Writing in Stride

Not to brag, but I’ve probably finished more than a dozen novels at the 14th Street YMCA in New York City. This is some feat since I don’t own a laptop computer and never bring paper or pens to the elliptical machine, where I huff and puff until I’ve burned 200 calories and turned bright red from the modest exertion. I can’t read, let alone write on the machine, since all the bobbing up and down makes me sick to my stomach, and until recently I haven’t even worn my glasses. How, you may ask, have I completed too many novels to count?

The beautiful thing about this particular YMCA is that the indoor track is as peaceful as it gets in a city blasting with sound. The lighting is soft and shadowy. With pale green carpeting underfoot and thick glass windows overlooking an Olympic-sized indoor pool, it’s easy to imagine you’re in a water world throbbing with graceful sea plants and the occasional mermaid.

Or woman who discovers a pearl at the bottom of the pool in her new house. It doesn’t matter that she doesn’t know how to swim and is so terrified of drowning that she didn’t want to move into the palatial house her scoundrel of a husband insisted that they buy. She’s going after that pearl anyway. My latest novel appears whole and perfect in my mind as that lovely bluish gem.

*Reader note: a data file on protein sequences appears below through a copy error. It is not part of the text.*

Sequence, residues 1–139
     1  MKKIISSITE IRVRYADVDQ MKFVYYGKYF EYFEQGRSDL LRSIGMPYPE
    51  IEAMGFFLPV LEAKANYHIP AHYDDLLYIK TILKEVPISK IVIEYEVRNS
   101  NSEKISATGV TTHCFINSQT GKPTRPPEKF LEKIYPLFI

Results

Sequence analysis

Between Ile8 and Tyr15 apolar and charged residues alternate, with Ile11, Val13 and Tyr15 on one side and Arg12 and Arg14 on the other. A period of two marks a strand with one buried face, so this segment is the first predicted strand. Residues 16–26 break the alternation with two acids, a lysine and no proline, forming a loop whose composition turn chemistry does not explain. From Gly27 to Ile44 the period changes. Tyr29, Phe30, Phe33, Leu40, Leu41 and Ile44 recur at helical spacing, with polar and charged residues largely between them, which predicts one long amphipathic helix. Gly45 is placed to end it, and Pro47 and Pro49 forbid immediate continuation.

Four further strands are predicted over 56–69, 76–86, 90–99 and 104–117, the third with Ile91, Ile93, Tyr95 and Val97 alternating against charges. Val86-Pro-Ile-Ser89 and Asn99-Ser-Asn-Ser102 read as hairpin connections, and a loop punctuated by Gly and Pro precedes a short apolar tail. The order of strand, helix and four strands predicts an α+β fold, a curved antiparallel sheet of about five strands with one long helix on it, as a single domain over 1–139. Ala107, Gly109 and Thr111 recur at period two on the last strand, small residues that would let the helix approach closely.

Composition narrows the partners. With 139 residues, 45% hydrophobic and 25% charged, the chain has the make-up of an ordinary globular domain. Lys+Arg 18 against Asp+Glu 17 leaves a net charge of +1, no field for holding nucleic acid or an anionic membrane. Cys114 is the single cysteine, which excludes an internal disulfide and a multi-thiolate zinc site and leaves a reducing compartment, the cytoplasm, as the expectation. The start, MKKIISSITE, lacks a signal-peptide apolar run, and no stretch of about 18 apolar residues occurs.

Although maybe she’s really going after the pool guy, who’s sort of a hunk. He’s a lot nicer than her husband and offers to teach her to swim. I circle the track for the third time, hitting a comfortable stride, and a power walker tells me in passing that I’m doing it all wrong. To get a decent cardio workout I should add arms. I do, just so she’ll leave me alone, as my character discovers there’s a mysterious trap door right next to the pearl. She pulls it open ever so slowly and floats into a strange new world. As I finish another lap, I’m not sure that she’ll ever return.

Not that this matters to my husband, the editor, who gets to hear all about it that night. He rolls his eyes as if he already knows this story.

“Makes me think of Julia Roberts.”

“That was a movie.”

“Based on a novel. Anyway, you don’t write that kind of stuff.”

“I just did.”

“So how does she breathe?”

I hadn’t considered gills or whether all the water is drained from the pool when she opens the trap door. The beauty of writing a novel at the Y is that you don’t have to address these issues. The endorphin-driven genre doesn’t require a plausible plotline or believable characters and it has absolutely nothing to do with a tough marketplace because there is no marketplace at the Y. There is only a trail of limpid novels that you have produced, each one more masterful than the next, without really having to write them. The biggest part of your job, in fact your only job, is to keep moving around the track at your own crabbed pace until they’re done.